The cost of insurance against the US failing to repay its debts rose to its highest level since the financial crisis last week, as traders worried that political deadlock in Washington might lead to a default.
One-year government credit default swaps traded at 106 basis points Saturday – the most expensive they’ve been since 2008, according to a Financial Times report that cited Bloomberg data.
Credit default swaps – or CDSs – are a form of insurance against a borrower not making scheduled payments on their debt.
The price of one-year government CDSs has spiked 15 basis points in 2023 with traders spooked by the looming threat of a debt-ceiling crisis, the FT reported.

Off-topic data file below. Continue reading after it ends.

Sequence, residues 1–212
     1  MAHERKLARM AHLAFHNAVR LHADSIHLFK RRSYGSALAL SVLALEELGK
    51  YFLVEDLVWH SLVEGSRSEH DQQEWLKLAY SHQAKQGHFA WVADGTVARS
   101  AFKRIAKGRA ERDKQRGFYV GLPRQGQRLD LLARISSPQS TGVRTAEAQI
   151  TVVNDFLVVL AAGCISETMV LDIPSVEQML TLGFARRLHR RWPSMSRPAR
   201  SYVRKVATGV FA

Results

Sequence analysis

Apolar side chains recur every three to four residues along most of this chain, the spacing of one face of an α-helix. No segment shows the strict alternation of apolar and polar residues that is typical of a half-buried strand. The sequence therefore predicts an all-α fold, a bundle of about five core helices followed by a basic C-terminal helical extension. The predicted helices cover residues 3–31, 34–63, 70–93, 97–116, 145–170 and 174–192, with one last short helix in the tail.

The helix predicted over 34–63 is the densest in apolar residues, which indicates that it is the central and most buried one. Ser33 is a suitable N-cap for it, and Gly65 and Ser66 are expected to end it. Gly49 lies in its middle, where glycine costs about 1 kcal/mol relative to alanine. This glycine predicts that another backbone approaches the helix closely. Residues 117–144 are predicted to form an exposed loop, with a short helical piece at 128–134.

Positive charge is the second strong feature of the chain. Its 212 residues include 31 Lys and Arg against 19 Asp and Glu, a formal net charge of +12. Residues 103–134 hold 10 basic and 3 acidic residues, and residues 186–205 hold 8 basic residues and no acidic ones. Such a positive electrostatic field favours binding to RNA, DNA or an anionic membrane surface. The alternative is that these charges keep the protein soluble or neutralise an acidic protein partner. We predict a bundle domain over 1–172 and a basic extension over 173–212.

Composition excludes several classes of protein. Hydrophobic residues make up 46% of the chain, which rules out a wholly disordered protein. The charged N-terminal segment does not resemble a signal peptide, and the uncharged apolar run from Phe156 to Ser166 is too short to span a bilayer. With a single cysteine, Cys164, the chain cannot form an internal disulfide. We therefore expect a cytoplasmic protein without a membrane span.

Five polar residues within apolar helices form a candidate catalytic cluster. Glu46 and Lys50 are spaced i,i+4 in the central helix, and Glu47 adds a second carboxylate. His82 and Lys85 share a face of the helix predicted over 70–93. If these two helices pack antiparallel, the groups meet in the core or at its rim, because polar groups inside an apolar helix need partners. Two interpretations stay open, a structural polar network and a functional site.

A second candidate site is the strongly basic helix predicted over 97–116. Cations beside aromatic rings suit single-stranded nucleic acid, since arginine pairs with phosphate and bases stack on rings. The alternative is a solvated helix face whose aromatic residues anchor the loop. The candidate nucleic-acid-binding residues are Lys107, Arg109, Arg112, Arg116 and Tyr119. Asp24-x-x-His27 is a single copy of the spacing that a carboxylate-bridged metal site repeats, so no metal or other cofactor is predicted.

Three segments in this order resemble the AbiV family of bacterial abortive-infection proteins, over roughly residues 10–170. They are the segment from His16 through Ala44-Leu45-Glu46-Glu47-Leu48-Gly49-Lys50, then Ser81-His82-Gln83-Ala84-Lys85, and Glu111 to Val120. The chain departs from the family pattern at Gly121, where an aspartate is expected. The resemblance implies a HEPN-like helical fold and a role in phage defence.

The debt ceiling is a limit on how much the government can borrow, set by Congress. The US hit its $31.4 trillion debt limit in January – and that means it could run out of money to pay its bills as soon as July if lawmakers don’t vote to raise the ceiling, according to the Congressional Budget Office.
Author(s): George Glover
Publication Date: 24 Apr 2023
Publication Site: Yahoo Finance